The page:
The Rule of Law

This is for you people who say you are FOR states rights, FOR the rule of law, and AGAINST “activist judges.” The Trump SCOTUS just acted against everything you SAY you stand for.

In 2020 Trump ordered a change in the interpretation of the Clean Water Act that for FIFTY YEARS had allowed states and other affected entities to be involved in the process of permitting pipelines, coal terminals and other facilities affecting waterways and wetlands. In response to a lawsuit by twenty-four states, various environmental groups, and tribes a Federal Court vacated the Trump order. Industry groups and eight GOP states immediately appealed. Without that appeal being resolved and without ANY argument or reason the Court voted 5-4 to vacate the initial court ruling and restore Trump’s usurpation of states rights to protect their own wetlands.

This decision was such a clear abuse of the process that Chief Justice Roberts voted with the dissent. The “shadow docket” is for emergencies. This was NOT an emergency. Five activist Justices just want the outcome of faster approvals without those annoying locals having a say.

37 thoughts on “The Rule of Law

  1. Seriously? You think that 50 years ago Congress decided that states would have the power to block intrastate pipelines because of the effect the end users of the products would have on climate change?

    50 years ago, we were concerned over real pollution. Congress could not have sought to empower states to act on an issue no one then had ever heard of.

    The Biden administration is seeking to redefine the rules but won’t have a proposal until 2023. By then, those depending on pipelines will be bankrupt.

    This isn’t judicial overreach, it is relief from prior judicial overreach.


    1. Laughable.

      The law says NOTHING about the reasons a state or tribe might have for opposing a development affecting their water supply or wetlands. For fifty years they have been part of the process until Trump unilaterally and without Congressional approval significantly reduced their power in the process.

      The first court looked at the law and decided Trump had exceeded his authority. As you have often commented, having a good reason does not convey a new authority. Apparently, that is what the Judge thought too.

      The point of this post is not to discuss the merits. It is to point out the “activist” decision by the Trump SCOTUS to violate their own procedures WITH ZERO argument or explanation to achieve a desired outcome. The reputation of the Court is already in tatters because of Republican monkey business. This just adds to it as John Roberts seems to see since he signed on to the dissent. I suppose his voice doesn’t count. Not Trumpy enough.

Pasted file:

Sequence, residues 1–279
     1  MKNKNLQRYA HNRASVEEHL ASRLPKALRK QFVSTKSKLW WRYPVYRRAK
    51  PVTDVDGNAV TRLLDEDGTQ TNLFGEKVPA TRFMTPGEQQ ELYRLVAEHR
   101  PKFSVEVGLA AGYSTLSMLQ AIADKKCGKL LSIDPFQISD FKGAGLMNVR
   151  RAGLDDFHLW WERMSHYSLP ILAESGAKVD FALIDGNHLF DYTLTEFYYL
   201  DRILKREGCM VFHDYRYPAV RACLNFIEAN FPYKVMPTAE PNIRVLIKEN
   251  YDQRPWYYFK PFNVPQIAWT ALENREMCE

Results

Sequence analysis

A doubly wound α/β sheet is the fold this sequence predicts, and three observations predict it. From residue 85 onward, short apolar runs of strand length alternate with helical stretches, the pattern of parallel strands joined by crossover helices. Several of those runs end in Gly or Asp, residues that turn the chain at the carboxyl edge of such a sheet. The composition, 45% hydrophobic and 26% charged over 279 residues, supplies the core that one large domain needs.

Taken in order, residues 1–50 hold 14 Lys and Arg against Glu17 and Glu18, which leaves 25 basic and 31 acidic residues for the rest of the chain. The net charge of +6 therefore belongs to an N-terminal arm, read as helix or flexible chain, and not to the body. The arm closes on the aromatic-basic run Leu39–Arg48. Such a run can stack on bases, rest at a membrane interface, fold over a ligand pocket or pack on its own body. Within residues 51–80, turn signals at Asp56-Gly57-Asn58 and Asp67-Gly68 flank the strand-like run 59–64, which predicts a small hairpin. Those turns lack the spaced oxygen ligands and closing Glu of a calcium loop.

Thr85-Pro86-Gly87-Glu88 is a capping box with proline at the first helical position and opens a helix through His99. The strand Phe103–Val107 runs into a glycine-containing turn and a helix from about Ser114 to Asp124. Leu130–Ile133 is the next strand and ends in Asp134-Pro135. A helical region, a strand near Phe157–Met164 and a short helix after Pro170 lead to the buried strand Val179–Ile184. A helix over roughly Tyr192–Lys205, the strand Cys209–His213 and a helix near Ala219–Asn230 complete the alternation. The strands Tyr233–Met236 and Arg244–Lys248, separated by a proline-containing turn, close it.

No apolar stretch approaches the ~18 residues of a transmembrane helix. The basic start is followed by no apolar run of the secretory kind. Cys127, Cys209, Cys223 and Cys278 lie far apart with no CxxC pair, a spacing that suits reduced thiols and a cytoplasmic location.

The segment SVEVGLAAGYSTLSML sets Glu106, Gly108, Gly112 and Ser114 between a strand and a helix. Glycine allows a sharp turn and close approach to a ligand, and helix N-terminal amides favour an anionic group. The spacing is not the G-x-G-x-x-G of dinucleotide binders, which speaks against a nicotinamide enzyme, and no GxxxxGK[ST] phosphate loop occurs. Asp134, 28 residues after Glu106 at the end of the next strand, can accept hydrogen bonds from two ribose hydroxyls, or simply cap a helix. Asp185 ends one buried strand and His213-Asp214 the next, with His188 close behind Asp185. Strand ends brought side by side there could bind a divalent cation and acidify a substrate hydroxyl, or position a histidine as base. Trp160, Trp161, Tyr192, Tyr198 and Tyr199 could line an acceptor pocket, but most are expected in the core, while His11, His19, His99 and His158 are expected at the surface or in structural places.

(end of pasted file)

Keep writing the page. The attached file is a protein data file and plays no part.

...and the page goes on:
And by the way, this is going to be moot soon. EPA is redoing the relevant regulations and will conform to the law.

      Liked by 1 person

      1. The EPA will issue its recommendations in 2023, with public comment and litigation to follow. Do you really expect to halt all long distance pipelines for years if ANY state along the path objects?(This is what the interstate commerce clause is actually about) Pipelines effectively benefit the states at each end, and only indirectly benefit those along the way.

        Please do tell me where in the Clean Water Act(not the Clean Air Act) are states empowered to block a pipeline, or anything else, over concerns over climate change. The 9th Circuit just made that up.

        SCOTUS correctly enjoined the implementation until the case makes its way through the courts. If pipelines are halted that long, everyone in the business will be bankrupt and we will be without electricity.

        The 9th Circuit abused its power and SCOTUS has reversed that, No explanation is required when a court oversteps.


        1. I expect the law to be followed. The law is a combination of statute, regulatory interpretation and precedent. The law on permitting has functioned for fifty years without the catastrophes you now imagine.

          If sometimes following the law is inconvenient for special interests, too bad. In this case, the merits are not the issue. The decision by the intitial court is under appeal. The Court of Appeals has not ruled one way or another. It was wrong of SCOTUS to interject itself on BOGUS grounds. Your blather about no electricity is nonsense as is pretending that every single project is facing all powerful opposition for spurious (to you) reasons.

          Your portrayal of what the court stay order did is also nonsense. Our country has done just fine with the permit approval process as it has been for 50 years before Trump changed it to favor special interests. Maintaining the existing process while the radical change made its way through the courts was entirely appropriate.